I was in and out of our local hospice as a SW and they welcomed anyone, particularly relatives and carers as they knew that time together was precious, but sometimes a new venue and new people to talk to could be very helpful and lighten the mood.

Could you talk to the local MacMillan nurse? - or is she the person who made the initial recommendation?

whenim64 Thu 26-Jul-12 19:13:41

We've clarified again with the hospice and visitors are not allowed on the days when my sister goes for respite, but it's fine when she goes in to stay. Meanwhile, she has become very ill, and contrary to what has been said above, is having a terrible time which I won't describe. I now understand those people who refer to a 'battle with cancer.' She is currently in hospital. Most distressing.

The local Macmillan nurse gets some things done, and we try elsewhere for other things we need to happen. Yes, Mishap she did make the referral on the request from my sister and her husband.

Ella46 Thu 26-Jul-12 19:38:25

when flowers

Faye Thu 26-Jul-12 19:49:35

when ((hugs)) flowers

Mishap Thu 26-Jul-12 20:29:32

Sorry to hear she is not well just now.

whenim64 Thu 26-Jul-12 20:34:20

Thanks, peeps. Just had a lovely text to say symptoms have subsided since this afternoon. A little reprieve but it means so much smile

JO4 Thu 26-Jul-12 20:40:02

Sorry to hear your sister has become so ill when.

I wonder if the policy re no visitors for patients going in for day visits could be down to the fact that they want to keep the atmosphere calm and fairly quiet. Perhaps they feel that visitors in the day room might overwhelm some of the patients.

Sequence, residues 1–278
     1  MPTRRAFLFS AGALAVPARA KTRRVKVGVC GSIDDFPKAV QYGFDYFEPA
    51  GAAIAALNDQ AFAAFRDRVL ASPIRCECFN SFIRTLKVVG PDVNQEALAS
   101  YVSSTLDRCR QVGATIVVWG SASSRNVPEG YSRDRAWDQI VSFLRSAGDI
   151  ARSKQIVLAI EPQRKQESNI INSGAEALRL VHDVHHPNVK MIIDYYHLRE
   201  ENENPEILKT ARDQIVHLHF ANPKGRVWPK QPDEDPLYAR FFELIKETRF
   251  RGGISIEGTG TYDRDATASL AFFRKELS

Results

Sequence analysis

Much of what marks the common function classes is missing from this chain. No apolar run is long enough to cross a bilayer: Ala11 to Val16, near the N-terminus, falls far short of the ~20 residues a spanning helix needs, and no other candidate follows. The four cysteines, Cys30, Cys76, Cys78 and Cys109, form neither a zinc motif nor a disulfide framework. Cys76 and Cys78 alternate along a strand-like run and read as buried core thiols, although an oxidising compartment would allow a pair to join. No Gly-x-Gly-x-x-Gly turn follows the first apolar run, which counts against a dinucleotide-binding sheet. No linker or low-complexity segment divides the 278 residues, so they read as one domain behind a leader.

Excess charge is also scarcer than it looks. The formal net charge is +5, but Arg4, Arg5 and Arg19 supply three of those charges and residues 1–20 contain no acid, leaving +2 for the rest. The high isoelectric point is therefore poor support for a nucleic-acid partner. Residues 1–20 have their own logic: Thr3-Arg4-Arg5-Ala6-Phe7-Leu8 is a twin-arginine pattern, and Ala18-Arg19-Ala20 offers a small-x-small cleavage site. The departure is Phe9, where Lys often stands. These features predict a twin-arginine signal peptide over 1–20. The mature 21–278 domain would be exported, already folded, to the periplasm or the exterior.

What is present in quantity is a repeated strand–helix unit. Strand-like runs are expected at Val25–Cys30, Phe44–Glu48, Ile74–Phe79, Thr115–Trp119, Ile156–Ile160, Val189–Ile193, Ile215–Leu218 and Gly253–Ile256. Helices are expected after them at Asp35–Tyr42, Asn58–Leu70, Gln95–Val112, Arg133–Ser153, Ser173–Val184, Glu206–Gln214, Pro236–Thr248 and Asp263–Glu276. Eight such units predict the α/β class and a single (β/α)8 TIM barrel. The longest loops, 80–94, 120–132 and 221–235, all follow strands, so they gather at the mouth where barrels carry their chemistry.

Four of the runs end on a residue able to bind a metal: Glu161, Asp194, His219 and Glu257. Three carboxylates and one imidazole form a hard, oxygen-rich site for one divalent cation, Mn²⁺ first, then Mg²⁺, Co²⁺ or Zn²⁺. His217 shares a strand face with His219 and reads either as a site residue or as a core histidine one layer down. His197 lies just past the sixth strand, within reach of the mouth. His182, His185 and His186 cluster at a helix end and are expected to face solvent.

No doubt if and when a patient has to go in for full time care they would be more on their own and perhaps not participating so much in communal activities?

Very sad. sad

whenim64 Thu 26-Jul-12 20:54:08

I think that's it Jingle, but it rather took us by surprise because we are close sisters and want to be together whilst we have the time, so I have sat with her in hospital and at home, and she wanted me near in the hospice. It'll be irrelevant soon - she'll be admitted to the hospice and I can spend time with her as freely as she wants. Not so we can sit and cry - we have lots of laughs and do fun things to distract ourselves. smile

JO4 Thu 26-Jul-12 21:04:55

smile and sad

Ariadne Thu 26-Jul-12 21:11:59

Oh, when xxxx thinking of you both. flowers

Anagram Thu 26-Jul-12 21:21:11

So sad that your sister has become worse, when - I feel for you.

nightowl Thu 26-Jul-12 21:33:08

So sorry when, thinking of you through such a difficult time ((hugs)) xx

glammanana Thu 26-Jul-12 23:06:51

when ((hugs)) winging their way down the M56 flowers

Sewsilver Thu 26-Jul-12 23:56:25


Bags Fri 27-Jul-12 06:26:04

Love from me too, when xx

JessM Fri 27-Jul-12 07:05:24

Ah and another one here who would like to give you a hug.
Sorry to hear she is so ill and hope they are getting the pain relief as good as possible.
Hospices are individual charities - part of the hospice movement - which i have always found strange - that they have to raise their own funds - so I guess they are going to vary.
My son's friend died in the one in Wellington NZ and he was there a lot. He said they were as near darn perfect in how they dealt with Miles and his family, as he could possibly imagine.

Libradi Fri 27-Jul-12 07:17:14

Sending you hugs when flowers

whenim64 Fri 27-Jul-12 07:30:44

Thanks, everyone - you have really cheered me up this morning. My sister has gone 24 hours without nurses going into panic stations and it's such a relief to wake up knowing she's comfortable in a room where they have her closely monitored, after a week of emergency ambulance dashes and family rushing back to her bedside. We still have so much hope that she can ride this latest storm. smile